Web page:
Academic journal article Financial Services Review

The Financial Planning Education and Training Agenda in Australia

Academic journal article Financial Services Review

The Financial Planning Education and Training Agenda in Australia

Article excerpt

Abstract

Against a backdrop of financial services reform and uncertain economic times, attention has been focused on the competence of financial advisers. This paper examines the current training and education standards set by the Australian Securities and Investments Commission and those set by professional bodies such as the Financial Planning Association of Australia. It provides a comparison of the state of regulation of financial planners in the United States with the recent report released by the Government Accountability Office (GAO). The paper suggests that minimum training standards set by the Australian regulator have allowed private education providers to capture the training and education agenda away from the profession with the result that financial planning in Australia may not yet be a profession, but simply an industry. © 2011 Academy of Financial Services. All rights reserved.

JEL classification: D14; G20; I23; I28

Keywords: Personal financial planning; Regulation; Australian universities; Education and training; Private providers

1. Introduction

Financial planning is a relatively new profession in Australia and relatively new to academia (Cull, 2009), with little research interest and activity from universities. Australian universities have not yet embraced financial planning as a discipline worthy of research (Matchett, 2009). There have been relatively few research higher degrees awarded in financial planning in Australian universities and many of these have been classified under die 'finance' or 'accounting' areas.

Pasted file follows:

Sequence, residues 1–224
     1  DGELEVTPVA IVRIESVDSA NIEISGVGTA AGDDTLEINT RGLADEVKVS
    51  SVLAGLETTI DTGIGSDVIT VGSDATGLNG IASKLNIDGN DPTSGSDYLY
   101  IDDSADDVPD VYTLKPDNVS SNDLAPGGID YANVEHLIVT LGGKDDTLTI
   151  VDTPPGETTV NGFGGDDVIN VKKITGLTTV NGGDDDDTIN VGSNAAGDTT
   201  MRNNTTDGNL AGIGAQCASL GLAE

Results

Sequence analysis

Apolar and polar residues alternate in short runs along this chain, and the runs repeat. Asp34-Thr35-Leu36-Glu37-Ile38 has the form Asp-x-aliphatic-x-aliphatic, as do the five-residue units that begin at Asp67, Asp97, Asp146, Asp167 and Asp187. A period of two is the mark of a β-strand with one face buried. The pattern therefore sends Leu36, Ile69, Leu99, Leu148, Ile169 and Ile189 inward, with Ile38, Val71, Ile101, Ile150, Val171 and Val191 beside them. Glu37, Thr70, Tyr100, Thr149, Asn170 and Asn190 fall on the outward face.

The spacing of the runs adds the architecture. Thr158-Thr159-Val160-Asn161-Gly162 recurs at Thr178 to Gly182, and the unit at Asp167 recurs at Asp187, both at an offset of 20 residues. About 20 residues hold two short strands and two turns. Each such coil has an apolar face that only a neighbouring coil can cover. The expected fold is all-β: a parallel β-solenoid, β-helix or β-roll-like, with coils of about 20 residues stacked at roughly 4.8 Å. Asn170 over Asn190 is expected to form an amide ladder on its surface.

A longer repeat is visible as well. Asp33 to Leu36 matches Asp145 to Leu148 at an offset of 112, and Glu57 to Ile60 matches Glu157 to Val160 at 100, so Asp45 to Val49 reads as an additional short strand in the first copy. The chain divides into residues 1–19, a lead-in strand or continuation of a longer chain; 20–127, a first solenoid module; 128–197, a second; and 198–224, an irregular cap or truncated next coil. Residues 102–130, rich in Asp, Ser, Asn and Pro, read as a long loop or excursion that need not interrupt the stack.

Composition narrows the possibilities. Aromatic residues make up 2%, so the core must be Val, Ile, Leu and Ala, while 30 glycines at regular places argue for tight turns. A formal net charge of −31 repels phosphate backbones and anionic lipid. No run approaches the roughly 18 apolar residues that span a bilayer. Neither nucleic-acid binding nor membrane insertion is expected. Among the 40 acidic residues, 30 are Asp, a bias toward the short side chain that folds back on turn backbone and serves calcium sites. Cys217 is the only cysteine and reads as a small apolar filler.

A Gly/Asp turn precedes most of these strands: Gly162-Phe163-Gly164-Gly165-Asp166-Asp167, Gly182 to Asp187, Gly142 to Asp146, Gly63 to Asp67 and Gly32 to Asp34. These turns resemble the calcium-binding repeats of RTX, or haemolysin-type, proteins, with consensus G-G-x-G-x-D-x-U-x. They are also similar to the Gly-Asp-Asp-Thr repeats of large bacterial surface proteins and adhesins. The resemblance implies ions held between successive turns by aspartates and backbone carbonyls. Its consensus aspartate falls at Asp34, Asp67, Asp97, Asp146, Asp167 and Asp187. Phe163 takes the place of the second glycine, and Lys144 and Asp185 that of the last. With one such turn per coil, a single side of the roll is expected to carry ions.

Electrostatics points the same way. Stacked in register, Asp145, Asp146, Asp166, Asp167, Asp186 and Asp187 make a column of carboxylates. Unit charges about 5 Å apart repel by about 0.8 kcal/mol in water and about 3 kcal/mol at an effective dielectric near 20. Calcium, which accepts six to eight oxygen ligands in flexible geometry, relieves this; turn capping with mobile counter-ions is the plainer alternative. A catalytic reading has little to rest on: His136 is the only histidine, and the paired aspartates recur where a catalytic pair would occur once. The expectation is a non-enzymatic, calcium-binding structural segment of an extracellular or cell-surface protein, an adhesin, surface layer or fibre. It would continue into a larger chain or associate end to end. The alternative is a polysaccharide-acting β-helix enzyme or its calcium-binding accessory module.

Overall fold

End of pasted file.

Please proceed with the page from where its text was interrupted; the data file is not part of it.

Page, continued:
Since the promulgation of the Financial Services Reform Act (2001) and subsequent release of Policy Statement 146, now known as 'Regulatory Guide 146: Licensing: training of financial product advisers' (RG 146), by the AustraUan Securities and Investments Commission (ASIC), little research has been done on the training and education courses that have resulted from this reform. Cowen, Blair, and Taylor (2006) provided an analysis of all dedicated financial planning courses available at universities in Australia. The most important finding of this study was that of the 38 publicly funded universities in Australia, only 12 offered dedicated financial planning courses. Only one of those 12 was from the established 'Group of Eight' universities (Cowen et al., 2006).

This paper does not attempt to assess the quality of training and education offered by private providers compared with universities, but rather to point out that most financial advisers are receiving their training via private providers. Further, that this is the case because the regulator has set minimum training requirements that are delivered in the vocational education and training sector, where private providers are most prevalent. This paper argues that the lack of higher education qualifications among the trained financial adviser workforce does not help develop the profession. Paradoxically, it was reported (Matchett, 2009) that many of the staff of the failed Australian Financial Services Licensee Storm Financial Planning had masters degrees.

This paper will provide analysis of the Australian regulator's training register to argue that the regulation of training and education standards for financial advisers in AustraUa has allowed private providers to capture the training and education agenda.

2. Regulation of training for financial advisers in Australia

Under Australian Corporation Law, any business or person that offers or advises about financial products must be an Australian Financial Services (AFS) license holder, a director or employee of a AFS license holder, or an Authorised Representative of an AFS license holder (ASIC, 2010). AFS Authorised Representatives may be individuals or businesses. All individuals who provide financial product advice to retail clients must meet the training standards subject to certain timited exemptions (ASIC, 2008). …

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